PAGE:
A wealthy man hires a detective to investigate his wife's past. The detective (Franchot Tone) discovers that the wife had been a dancer and left her home town with an actor. The latter is ... See full summary »
Tom Durling is falsely accused of a bank robbery and murder. In order to clear his name, and that of the brother of his fiancée who was killed in the course of the robbery by the robbers, he flees. With the aid of his fiancée, June Reynolds, he sets out to find the needed evidence to convict the actual criminals. Written by
Les Adams <email@example.com>
The failure of the original copyright holder to renew the film's copyright resulted in it falling into public domain, meaning that virtually anyone could duplicate and sell a VHS/DVD copy of the film. Therefore, many of the versions of this film available on the market are either severely (and usually badly) edited and/or of extremely poor quality, having been duped from second- or third-generation (or more) copies of the film. See more »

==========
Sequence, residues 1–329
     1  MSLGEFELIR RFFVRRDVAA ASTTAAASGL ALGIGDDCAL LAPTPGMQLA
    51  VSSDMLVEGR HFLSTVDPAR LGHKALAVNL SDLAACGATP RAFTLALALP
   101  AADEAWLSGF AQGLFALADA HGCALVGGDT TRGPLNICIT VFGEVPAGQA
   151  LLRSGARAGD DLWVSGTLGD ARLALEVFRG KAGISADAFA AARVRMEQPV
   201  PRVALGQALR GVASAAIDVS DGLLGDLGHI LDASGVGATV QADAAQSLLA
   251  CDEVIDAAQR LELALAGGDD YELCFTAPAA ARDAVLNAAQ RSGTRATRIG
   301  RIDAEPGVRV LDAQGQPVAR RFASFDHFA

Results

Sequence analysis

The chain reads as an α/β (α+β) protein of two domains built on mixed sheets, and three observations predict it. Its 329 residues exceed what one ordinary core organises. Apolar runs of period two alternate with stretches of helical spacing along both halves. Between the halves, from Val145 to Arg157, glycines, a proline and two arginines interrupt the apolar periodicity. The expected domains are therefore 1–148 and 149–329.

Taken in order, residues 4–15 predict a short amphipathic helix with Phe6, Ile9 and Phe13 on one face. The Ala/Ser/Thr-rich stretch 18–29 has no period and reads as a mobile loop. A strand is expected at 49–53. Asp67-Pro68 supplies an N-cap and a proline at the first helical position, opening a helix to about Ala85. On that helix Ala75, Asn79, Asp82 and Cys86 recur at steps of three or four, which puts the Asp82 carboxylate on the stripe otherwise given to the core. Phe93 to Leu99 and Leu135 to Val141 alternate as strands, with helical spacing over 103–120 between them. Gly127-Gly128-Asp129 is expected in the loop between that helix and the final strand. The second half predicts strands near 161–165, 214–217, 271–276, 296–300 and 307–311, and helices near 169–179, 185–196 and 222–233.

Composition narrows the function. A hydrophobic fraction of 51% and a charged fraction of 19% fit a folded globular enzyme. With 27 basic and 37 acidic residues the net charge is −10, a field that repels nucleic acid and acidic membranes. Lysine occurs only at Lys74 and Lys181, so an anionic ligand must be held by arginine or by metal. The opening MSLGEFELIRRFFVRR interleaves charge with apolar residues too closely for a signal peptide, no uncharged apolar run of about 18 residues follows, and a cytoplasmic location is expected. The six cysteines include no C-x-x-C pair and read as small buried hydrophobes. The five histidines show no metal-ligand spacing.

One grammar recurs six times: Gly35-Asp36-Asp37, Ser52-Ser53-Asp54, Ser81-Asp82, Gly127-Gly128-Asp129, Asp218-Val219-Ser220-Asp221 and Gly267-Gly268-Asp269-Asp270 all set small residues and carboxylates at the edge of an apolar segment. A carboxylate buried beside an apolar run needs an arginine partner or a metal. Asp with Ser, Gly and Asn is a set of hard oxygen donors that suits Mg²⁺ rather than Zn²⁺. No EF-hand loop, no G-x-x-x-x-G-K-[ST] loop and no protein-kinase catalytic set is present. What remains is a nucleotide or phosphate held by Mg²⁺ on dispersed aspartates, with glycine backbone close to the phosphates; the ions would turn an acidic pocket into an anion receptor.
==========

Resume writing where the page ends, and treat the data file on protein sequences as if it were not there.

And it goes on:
Satisfying noir B-feature that does everything it needs to do in little more than an hour. The screenwriter billed here as Geoffrey Homes (Daniel Mainwaring) was the screenwriter and original novelist of Build My Gallows High/Out of the Past, and also wrote The Big Steal and Baby Face Nelson among others. The dialogue is clipped and menacing ("We'll bump him on the way," one of the heavies says casually) and the often claustrophobic spaces are used to good effect. Robert Lowery, who played Batman in the 1948 movie serial, has the right air of the doomed noir hero initially caught between the hard-bitten gangster's moll and femme fatale, Betty, (portrayed perfectly by Lola Lane,) and the innocent and beautiful schoolteacher, June (Barbara Britton), who eventually decides to help him prove his innocence after he is unwittingly embroiled in a bank robbery which leaves two dead. The cast is uniformly good, and the tension never lets up. The DVD I saw was in very poor condition; I hope someone will set about restoring this film to its full glory. As Lem Dobbs said on the commentary to Double Indemnity: "There's no such thing as a bad film noir." This low-budget gem proves him right.
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